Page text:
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US20090086857A1 - Reduced voltage subLVDS receiver - Google Patents

Reduced voltage subLVDS receiver Download PDF

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Publication number
US20090086857A1
US20090086857A1 US11904652 US90465207A US2009086857A1 US 20090086857 A1 US20090086857 A1 US 20090086857A1 US 11904652 US11904652 US 11904652 US 90465207 A US90465207 A US 90465207A US 2009086857 A1 US2009086857 A1 US 2009086857A1
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Prior art keywords
differential
transistors
signal
voltage
pair
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US11904652
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US7646220B2 (en )
Inventor
Charles Qingle Wu
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OmniVision Technologies Inc
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OmniVision Technologies Inc
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    • HELECTRICITY
    • H03BASIC ELECTRONIC CIRCUITRY
    • H03FAMPLIFIERS
    • H03F3/00Amplifiers with only discharge tubes or only semiconductor devices as amplifying elements
    • H03F3/45Differential amplifiers
    • H03F3/45071Differential amplifiers with semiconductor devices only
    • H03F3/45479Differential amplifiers with semiconductor devices only characterised by the way of common mode signal rejection
    • H03F3/45632Differential amplifiers with semiconductor devices only characterised by the way of common mode signal rejection in differential amplifiers with FET transistors as the active amplifying circuit
    • H03F3/45695Differential amplifiers with semiconductor devices only characterised by the way of common mode signal rejection in differential amplifiers with FET transistors as the active amplifying circuit by using feedforward means
    • H03F3/45699Measuring at the input circuit of the differential amplifier
    • H03F3/45708Controlling the common source circuit of the differential amplifier

Abstract

A rail-to-rail high speed subLVDS receiver demonstrates good jitter and duty cycle performance for high-speed signals at low power supply levels. A sample receiver includes a voltage shifter for shifting the voltage levels of a differential input signal so that a shifted differential input signal is produced. The shifted differential input signal can be applied to a first differential pair, and the differential input signal can be applied to a second differential pair. The outputs of the first and second differential pairs can be summed together to produce a differential output signal. The differential output signal can be output using an output block. A clamp circuit can be used to adjust the gain of the first differential pair responsive to a common mode voltage of the first and second differential input signals.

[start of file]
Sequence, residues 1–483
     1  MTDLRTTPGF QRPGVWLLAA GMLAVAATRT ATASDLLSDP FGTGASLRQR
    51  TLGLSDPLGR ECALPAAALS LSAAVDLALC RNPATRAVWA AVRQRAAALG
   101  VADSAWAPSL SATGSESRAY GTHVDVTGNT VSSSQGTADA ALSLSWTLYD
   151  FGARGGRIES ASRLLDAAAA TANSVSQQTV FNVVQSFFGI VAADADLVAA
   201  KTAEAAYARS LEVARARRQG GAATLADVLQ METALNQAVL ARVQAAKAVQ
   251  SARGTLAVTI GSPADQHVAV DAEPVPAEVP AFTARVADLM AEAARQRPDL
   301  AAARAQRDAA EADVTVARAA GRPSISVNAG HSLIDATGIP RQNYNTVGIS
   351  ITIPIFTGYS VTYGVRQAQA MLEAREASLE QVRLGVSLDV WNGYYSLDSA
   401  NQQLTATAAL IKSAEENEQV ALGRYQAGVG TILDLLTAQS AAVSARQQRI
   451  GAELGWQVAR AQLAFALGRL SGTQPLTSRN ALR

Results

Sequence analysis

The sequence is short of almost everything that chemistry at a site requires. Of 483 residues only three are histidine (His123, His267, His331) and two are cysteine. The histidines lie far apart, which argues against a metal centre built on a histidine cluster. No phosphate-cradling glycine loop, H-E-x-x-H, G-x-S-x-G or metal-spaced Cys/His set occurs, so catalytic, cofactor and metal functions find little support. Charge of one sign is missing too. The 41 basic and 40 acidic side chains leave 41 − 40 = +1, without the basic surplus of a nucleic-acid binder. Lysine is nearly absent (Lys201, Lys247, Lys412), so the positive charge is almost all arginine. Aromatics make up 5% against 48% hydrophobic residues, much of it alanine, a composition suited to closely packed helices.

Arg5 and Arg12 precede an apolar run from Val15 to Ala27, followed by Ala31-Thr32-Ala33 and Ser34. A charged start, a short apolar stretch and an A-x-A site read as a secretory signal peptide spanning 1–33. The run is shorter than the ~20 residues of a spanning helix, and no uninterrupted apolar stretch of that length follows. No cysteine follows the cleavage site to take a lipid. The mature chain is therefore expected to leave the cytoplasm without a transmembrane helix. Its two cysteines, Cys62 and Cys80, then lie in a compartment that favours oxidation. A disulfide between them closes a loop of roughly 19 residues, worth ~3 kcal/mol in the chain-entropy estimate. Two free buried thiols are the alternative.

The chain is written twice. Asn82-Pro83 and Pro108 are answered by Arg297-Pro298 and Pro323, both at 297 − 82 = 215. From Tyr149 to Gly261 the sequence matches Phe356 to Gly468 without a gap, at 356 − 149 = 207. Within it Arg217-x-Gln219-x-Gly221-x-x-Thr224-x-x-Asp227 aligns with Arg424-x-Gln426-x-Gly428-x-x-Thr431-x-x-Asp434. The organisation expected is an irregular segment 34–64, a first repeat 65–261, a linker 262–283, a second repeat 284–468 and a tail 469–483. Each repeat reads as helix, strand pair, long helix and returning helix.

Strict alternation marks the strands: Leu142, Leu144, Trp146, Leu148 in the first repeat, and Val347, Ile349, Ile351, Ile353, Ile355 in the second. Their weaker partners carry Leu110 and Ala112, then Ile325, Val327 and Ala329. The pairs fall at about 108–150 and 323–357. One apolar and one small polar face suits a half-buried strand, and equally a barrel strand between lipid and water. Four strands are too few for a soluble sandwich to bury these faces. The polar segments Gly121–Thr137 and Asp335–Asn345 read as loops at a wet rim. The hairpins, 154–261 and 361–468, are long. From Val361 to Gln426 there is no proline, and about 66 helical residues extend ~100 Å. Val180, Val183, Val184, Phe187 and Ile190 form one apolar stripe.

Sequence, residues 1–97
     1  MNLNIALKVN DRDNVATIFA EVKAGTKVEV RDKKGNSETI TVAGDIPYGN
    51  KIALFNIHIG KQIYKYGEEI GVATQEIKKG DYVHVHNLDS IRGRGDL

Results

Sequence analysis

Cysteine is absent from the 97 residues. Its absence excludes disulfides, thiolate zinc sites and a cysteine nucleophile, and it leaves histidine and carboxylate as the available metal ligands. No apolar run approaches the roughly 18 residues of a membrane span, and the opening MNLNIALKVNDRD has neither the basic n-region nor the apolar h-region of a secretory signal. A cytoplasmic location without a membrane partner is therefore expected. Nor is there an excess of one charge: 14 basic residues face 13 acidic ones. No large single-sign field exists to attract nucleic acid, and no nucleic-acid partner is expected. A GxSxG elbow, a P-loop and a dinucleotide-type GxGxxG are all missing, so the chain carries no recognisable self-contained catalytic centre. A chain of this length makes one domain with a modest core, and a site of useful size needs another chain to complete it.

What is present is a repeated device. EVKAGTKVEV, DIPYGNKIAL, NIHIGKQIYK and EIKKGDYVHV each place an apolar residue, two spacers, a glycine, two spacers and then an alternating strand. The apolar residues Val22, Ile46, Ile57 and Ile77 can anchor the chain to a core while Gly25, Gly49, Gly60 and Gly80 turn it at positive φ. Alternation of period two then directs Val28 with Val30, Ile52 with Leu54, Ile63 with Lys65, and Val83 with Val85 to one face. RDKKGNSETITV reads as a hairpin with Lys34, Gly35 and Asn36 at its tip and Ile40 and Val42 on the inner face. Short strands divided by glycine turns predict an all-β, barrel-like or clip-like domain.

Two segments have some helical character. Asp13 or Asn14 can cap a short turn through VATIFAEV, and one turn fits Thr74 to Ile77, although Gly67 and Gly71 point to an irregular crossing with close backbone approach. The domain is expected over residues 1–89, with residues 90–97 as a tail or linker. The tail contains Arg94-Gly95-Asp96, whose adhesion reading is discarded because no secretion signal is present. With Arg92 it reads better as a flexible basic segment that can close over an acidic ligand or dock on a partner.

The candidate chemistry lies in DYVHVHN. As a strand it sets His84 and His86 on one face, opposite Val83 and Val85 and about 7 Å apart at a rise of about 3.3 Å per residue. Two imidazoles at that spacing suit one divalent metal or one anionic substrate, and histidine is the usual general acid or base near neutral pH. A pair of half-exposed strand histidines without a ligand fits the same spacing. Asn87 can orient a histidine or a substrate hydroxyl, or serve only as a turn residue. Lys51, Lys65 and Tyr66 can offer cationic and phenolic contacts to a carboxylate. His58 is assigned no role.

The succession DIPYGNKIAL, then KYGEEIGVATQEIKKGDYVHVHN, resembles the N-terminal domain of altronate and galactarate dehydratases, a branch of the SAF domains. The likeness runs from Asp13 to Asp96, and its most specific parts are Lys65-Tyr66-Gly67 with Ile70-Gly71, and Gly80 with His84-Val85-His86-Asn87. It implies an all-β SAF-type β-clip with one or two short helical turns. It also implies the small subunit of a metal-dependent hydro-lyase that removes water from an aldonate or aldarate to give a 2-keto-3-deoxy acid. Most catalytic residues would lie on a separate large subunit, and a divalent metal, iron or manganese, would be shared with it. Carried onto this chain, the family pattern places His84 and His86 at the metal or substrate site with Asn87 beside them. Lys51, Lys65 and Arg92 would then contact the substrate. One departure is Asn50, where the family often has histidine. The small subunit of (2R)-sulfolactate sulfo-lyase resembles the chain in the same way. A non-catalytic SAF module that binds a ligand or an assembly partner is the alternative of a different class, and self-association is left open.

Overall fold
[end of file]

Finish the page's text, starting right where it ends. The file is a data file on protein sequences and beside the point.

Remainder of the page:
Description

    TECHNICAL FIELD
  • [0001]
    This disclosure relates generally to drivers, and more particularly, but not exclusively, relates to low voltage differential signaling devices.
  • BACKGROUND INFORMATION
  • [0002]
    Relatively long signal paths are a major bottleneck in digital transmission. For example, printed circuit boards often contain circuitry that is responsible for voltage level shifting and electrostatic discharge protection on relatively long wiring paths. In addition, the circuitry often requires a relatively large amount of current to drive large resistive and capacitive loads that are presented by the relatively long wiring. Thus, the circuitry often uses large pad areas (and large passive components) and also uses a large portion of the overall power consumption. The large areas and components are often used to help dissipate the power consumed by the circuitry.
  • BRIEF DESCRIPTION OF THE DRAWINGS
  • [0003]
    Non-limiting and non-exhaustive embodiments of the disclosure are described with reference to the following figures, wherein like reference numerals refer to like parts throughout the various views unless otherwise specified.
  • [0004]
    FIG. 1 is an illustration of a sample of compact camera port 2 (CCP2) line levels of transmission output signal strength and reception input signal range.
  • [0005]
    FIG. 2 is a block diagram illustrating a sample compact camera port 2 receiver.
  • [0006]
    FIG. 3 is a schematic diagram illustrating a conventional rail-to-rail preamplifier.
  • [0007]
    FIG. 4 is a schematic diagram illustrating a sample amplifier.
  • [0008]
    FIG. 5 is a schematic diagram illustrating a sample secondary gain stage.
  • [0009]
    FIG. 6 is a schematic diagram illustrating a sample differential-to-single converter.
  • [0010]
    FIG. 7 is a waveform diagram illustrating a sample time domain simulation of 1 Gbs signal at the output node of differential-to-single ended converter.
  • [0011]
    FIG. 8 is a waveform diagram illustrating a sample time domain simulation containing overlapped eye diagrams.
  • [0012]
    FIG. 9 is a waveform diagram illustrating a sample time domain simulation of the jitter over rail-to-rail common mode levels with various input signal strengths.
  • [0013]
    FIG. 10 is a waveform diagram illustrating a sample time domain simulation jitter over rail-to-rail common mode levels with various power supply voltages.
  • [0014]
    FIG. 11 is a waveform diagram illustrating a sample time domain simulation duty cycle variation over rail-to-rail common mode levels with various power supply voltages.
  • [0015]
    FIG. 12 is a waveform diagram illustrating effects of a sample Vcm clamp circuit of propagation delay variations at a first rise in signal transition.
  • [0016]
    FIG. 13 is a waveform diagram illustrating a sample time domain simulation containing overlapped eye diagrams of a receiver without a clamp circuit.